Eastern Ukraine: UN rights chief says downing of plane may be ‘war crime,’ urges probe

High Commissioner for Human Rights Navi Pillay. UN Photo/Paulo Filgueiras

28 July 2014 – The shooting down of a Malaysian Airlines plane over eastern Ukraine may amount to a war crime, the United Nations High Commissioner for Human Rights today said today, releasing a new report that details a total breakdown of law and order and a reign of fear and terror inflicted by armed groups in the area.

“I would like to stress to all those involved in the conflict, including foreign fighters, that every effort will be made to ensure that anyone committing serious violations of international law, including war crimes, will be brought to justice, no matter who they are,” Navi Pillay said. “I urge all sides to bring to an end the rule of the gun and restore respect for the rule of law and human rights.”

The High Commissioner made the comments while issuing a new report by the UN Human Rights Monitoring Mission deployed to Ukraine in mid-March, calling for greater care to prevent more civilian casualties.

The report, which covers the period from 8 June to 15 July, does not officially cover the 17 July downing of the plane. However, Mr. Pillay used the launch of the report to call for a “prompt, thorough, effective, independent and impartial investigation.”

The UN Security Council has also called for an international investigation into the incident, and demanded that armed groups allow unfettered access to the crash site and ensure that its integrity is maintained.

Meanwhile, in the report, the Office of the High Commissioner (OHCHR) documents how armed groups continue to abduct, detain, torture and execute people kept as hostages in order to intimidate and “to exercise their power over the population in raw and brutal ways.”

“Already increasing numbers of people are being killed with serious damage to civilian infrastructure, which – depending on circumstances – could amount to violations of international humanitarian law,” she said. “The fighting must stop.”

More than 812 people have been abducted or detained, according to the report, including politicians and employees of the local coal mining industry, but the majority of them ordinary citizens, such as teachers and students. Those detained are frequently used to seek ransom, while some are forced to dig trenches or fight on the front lines. There are also reports of alleged executions following so-called military tribunals.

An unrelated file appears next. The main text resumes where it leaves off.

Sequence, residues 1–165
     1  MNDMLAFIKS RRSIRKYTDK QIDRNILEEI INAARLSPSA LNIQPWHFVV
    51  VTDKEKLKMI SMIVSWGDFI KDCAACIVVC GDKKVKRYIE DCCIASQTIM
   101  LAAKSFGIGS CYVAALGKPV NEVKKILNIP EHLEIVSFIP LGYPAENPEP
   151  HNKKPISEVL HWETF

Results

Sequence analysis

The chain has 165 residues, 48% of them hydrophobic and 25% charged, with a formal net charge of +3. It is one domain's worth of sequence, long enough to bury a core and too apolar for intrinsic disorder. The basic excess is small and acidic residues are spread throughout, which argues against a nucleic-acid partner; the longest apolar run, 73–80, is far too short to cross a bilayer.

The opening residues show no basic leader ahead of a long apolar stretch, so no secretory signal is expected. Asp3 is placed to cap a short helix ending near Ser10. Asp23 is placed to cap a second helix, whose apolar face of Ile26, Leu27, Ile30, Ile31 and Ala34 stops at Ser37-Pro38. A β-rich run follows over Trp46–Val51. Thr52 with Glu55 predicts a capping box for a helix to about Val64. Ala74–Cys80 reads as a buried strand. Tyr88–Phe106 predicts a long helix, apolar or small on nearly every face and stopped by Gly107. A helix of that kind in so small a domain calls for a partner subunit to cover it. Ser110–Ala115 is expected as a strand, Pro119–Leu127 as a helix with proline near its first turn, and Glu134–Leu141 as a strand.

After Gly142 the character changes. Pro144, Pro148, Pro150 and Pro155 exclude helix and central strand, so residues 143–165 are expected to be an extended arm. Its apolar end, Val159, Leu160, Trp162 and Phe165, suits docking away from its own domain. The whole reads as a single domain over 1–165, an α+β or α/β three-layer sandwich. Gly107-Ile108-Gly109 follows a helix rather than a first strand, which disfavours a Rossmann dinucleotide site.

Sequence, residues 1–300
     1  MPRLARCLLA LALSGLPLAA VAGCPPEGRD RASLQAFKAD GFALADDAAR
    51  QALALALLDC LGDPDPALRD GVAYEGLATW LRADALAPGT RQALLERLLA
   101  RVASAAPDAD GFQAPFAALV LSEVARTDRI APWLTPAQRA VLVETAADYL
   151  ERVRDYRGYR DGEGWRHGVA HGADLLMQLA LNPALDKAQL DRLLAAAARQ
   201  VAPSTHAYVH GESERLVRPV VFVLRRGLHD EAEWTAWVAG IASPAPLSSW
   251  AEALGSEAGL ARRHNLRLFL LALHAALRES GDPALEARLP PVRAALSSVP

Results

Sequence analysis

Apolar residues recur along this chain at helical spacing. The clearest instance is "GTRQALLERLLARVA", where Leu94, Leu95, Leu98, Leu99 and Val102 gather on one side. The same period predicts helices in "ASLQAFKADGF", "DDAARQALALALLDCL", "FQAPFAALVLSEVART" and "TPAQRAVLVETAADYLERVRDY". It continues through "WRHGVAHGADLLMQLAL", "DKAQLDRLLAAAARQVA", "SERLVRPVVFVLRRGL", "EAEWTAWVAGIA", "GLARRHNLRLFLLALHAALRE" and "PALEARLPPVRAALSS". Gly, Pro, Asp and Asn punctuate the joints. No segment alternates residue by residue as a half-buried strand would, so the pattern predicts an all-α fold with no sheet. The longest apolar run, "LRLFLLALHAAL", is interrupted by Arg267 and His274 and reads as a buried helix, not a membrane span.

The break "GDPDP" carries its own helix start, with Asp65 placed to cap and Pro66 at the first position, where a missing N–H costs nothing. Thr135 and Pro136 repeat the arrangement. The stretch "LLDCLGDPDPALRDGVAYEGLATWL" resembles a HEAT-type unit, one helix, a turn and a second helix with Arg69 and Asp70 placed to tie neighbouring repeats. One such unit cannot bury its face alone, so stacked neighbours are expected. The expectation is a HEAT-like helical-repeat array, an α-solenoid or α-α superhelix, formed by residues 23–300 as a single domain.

In response, the Government of Ukraine has accelerated its security operations, resulting in heavy fighting and an estimated 101,617 people fleeing to other parts of Ukraine, according to the UN Refugee Agency (UNHCR).

“The reports of increasingly intense fighting in the Donetsk and Luhansk regions are extremely alarming,” Ms. Pillay said, with both sides employing heavy weaponry in built-up areas, including artillery, tanks, rockets and missiles.

The report also points out how impunity in the areas under the control of the armed groups in the east has led to the collapse of the rule of law.

OHCHR noted that while the Government faces challenges to restore law, order and security, it must urgently prioritize good governance, rule of law and human rights issues, especially as Ukraine “seeks to fulfil its EU aspirations and establish a democratic and pluralistic society.”

In addition, the Office underscored that the human rights situation in Crimea remains a great concern with intensified harassment and discrimination of Ukrainian nationals, Crimean Tatars, religious minorities and activities opposed to the 16 March referendum.

The report also noted the impact of the current economic recession facing the country, particularly in the east which is the country’s centre for heavy industry.

The intensified fighting and continuation of the conflict have led to “more polarized” opinions, including dramatic escalation of hate speech, particularly on social media, as well as demonstrations and protests, including in the Parliament.


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